The Pittsburgh Penguins need to turnover a significant portion of their roster if they want to compete for the Stanley Cup again. One noticeable area where the Pens desperately need help is their top-six forward unit.
They are set at center with Sidney Crosby and Evgeni Malkin, but who will play as their wings?
The most obvious line will be a unit of David Perron – Crosby – Patric Hornqvist, given their production and how well the trio played together last season.
However, who is going to play next season with Malkin?
Chris Kunitz dramatically slowed down towards the end of last season (although I believe he was playing hurt), Blake Comeau is a glorified bottom-six forward, Steve Downie most likely will not be a Penguin next season and Pascal Dupuis may (or may not) play in just a few months.
Comeau, while a solid free agent signing last summer, was productive in the top six until his wrist was hurt and after that Malkin was furious he had to play aside him. Countless times, Malkin would just lay the puck on a platter for Comeau and he simply could not bury the puck in the net. It got so bad that Malkin visibly stopped communicating with Comeau on the ice.
Penguins Lack Assets
It’s clear the Penguins need a top-six wing, or two, but they have very few trade assets remaining. Sending away more draft picks is not the answer, but how else will they acquire an elite forward?
The deal has to start with third-line center Brandon Sutter. He is entering the second year of a two-year contract that pays him $3.3 million this year. Given how highly regarded Sutter is, he will be looking for a raise at the end of the season.
Is he worth a raise? Absolutely not.
Is he even worth his current contract? Absolutely not.
While Sutter might be a fan favorite, he is also a tremendously overrated player. He’s weak along the boards, ineffective at generating shots and usually lowers the level of play of his wings.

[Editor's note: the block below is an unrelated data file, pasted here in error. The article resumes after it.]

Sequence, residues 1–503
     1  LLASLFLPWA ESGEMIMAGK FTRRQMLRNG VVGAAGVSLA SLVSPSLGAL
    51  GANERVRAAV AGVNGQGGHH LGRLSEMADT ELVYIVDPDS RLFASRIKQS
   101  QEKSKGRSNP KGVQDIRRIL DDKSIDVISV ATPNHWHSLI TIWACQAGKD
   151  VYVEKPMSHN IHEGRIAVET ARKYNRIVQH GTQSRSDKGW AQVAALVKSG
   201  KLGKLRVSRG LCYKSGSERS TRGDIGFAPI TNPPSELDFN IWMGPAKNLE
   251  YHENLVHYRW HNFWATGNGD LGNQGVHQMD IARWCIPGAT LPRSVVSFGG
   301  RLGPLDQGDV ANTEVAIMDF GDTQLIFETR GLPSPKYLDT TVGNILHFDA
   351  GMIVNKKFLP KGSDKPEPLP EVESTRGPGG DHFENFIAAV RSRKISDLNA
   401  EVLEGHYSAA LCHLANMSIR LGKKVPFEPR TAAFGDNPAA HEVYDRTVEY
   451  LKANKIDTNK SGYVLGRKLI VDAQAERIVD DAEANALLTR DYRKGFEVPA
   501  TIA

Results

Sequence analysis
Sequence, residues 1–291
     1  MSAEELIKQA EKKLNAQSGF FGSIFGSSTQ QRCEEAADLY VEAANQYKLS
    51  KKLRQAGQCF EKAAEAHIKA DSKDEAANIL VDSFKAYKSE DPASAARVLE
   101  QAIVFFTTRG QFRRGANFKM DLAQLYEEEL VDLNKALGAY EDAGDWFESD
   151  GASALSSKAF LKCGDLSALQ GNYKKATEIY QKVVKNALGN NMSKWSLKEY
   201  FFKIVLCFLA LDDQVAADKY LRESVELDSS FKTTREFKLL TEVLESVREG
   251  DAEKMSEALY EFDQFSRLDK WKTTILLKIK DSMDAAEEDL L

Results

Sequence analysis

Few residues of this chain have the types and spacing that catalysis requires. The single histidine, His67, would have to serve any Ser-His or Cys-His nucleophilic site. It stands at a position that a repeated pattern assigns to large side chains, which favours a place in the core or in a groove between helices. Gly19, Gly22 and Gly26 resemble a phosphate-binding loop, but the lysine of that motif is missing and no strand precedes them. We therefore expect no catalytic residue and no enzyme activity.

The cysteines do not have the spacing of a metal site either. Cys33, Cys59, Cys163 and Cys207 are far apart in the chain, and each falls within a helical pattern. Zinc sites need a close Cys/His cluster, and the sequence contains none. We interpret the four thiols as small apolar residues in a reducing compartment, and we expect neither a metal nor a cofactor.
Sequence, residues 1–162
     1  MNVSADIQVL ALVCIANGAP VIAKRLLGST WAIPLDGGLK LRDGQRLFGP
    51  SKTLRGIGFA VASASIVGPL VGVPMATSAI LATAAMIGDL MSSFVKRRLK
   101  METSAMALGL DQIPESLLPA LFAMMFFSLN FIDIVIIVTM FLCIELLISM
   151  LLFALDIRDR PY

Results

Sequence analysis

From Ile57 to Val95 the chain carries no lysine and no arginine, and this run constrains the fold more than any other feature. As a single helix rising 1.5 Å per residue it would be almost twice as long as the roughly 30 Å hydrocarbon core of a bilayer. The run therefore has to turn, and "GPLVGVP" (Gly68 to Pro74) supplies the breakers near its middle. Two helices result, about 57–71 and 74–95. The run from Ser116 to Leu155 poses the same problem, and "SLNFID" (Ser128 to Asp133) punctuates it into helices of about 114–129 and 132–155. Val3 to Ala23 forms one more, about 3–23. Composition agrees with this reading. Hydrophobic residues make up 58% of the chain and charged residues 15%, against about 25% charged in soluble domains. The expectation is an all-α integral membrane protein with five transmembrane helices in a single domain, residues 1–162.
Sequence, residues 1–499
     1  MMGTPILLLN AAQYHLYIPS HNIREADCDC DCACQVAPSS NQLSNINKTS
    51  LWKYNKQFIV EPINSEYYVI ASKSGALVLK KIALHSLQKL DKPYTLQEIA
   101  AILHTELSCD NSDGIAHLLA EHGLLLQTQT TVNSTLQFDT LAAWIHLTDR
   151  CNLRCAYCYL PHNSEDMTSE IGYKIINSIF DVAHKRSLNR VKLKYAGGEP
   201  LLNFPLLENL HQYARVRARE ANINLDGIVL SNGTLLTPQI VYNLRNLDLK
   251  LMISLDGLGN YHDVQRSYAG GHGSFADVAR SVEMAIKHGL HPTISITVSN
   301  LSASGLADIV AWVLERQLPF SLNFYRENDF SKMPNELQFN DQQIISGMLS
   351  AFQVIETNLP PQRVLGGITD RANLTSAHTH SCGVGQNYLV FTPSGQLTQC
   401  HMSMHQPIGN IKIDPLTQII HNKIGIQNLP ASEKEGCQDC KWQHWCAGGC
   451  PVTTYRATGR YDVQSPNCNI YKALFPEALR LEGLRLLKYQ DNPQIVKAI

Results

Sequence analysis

In fact, Sutter was ranked on Jimmy Hascup’s six most overrated players in the NHL today.
Brandon Sutter’s Status
Yes, Sutter appeared in some pretty big moments for the Penguins during this season, but overall he is not a great player.
Need more proof? Take a look at his HERO chart which visualizes just about every useful metric that players are evaluated on.
You can see that Sutter is given almost second-line time on ice, but his production and shot differential is not adequate for his position. Additionally, he has a reputation of being a strong player on the penalty kill, but when utilizing advanced metrics he is one of the worst in the league.
His Fenwick Against (4v5) per sixty minutes played is 75.42, that ranks 110 of 139 players who were on the ice for over 200 shorthanded minutes.
Whether or not you agree with advanced metrics, he is a over-hyped player.
It’s time for the Penguins to sell high on Sutter because there is one statistic that other general managers love about Sutter — his 21 goals.
A team desperate for a second line center will be willing to pay a high price to acquire Sutter.
It’s quite easy to replace his production and don’t let anyone tell you differently. My friend and colleague Ryan Wilson over at HockeyBuzz has done some great work detailing replacements of Sutter for a fraction of the cost.
Take a look at his options for replacing Sutter via free agency.
And take a look at the option of trading for Patrik Berglund.
Sutter is easily replaceable and if Pittsburgh wants to bring in a top-six wing this offseason, the trade package has to start with Sutter.
Yes, Sutter probably just had his best season as a Penguins, but overall his tenure has been quite underwhelming.
Sutter’s perceived value is higher than his actual value right now, and it’s time that Jim Rutherford starts trying to maximize the value of his assets.
Michael Pityk is an analyst who has written for numerous sites since beginning his professional career. He’s acted as a credentialed member of the media for the Philadelphia Phillies, Philadelphia Flyers, Pittsburgh Pirates and the Pittsburgh Penguins. His work has been featured in Sports Illustrated, The Sports Journal, MSN, PensLabyrinth, Montreal Hockey Talk, ESPN Pittsburgh, The Hockey Writers, Todays SlapShot and The Bleacher Report. He formerly was the editor of Pens Labyrinth and an analyst for The Sports Journal. Michael presently acts as an NHL Analyst for The Hockey Writers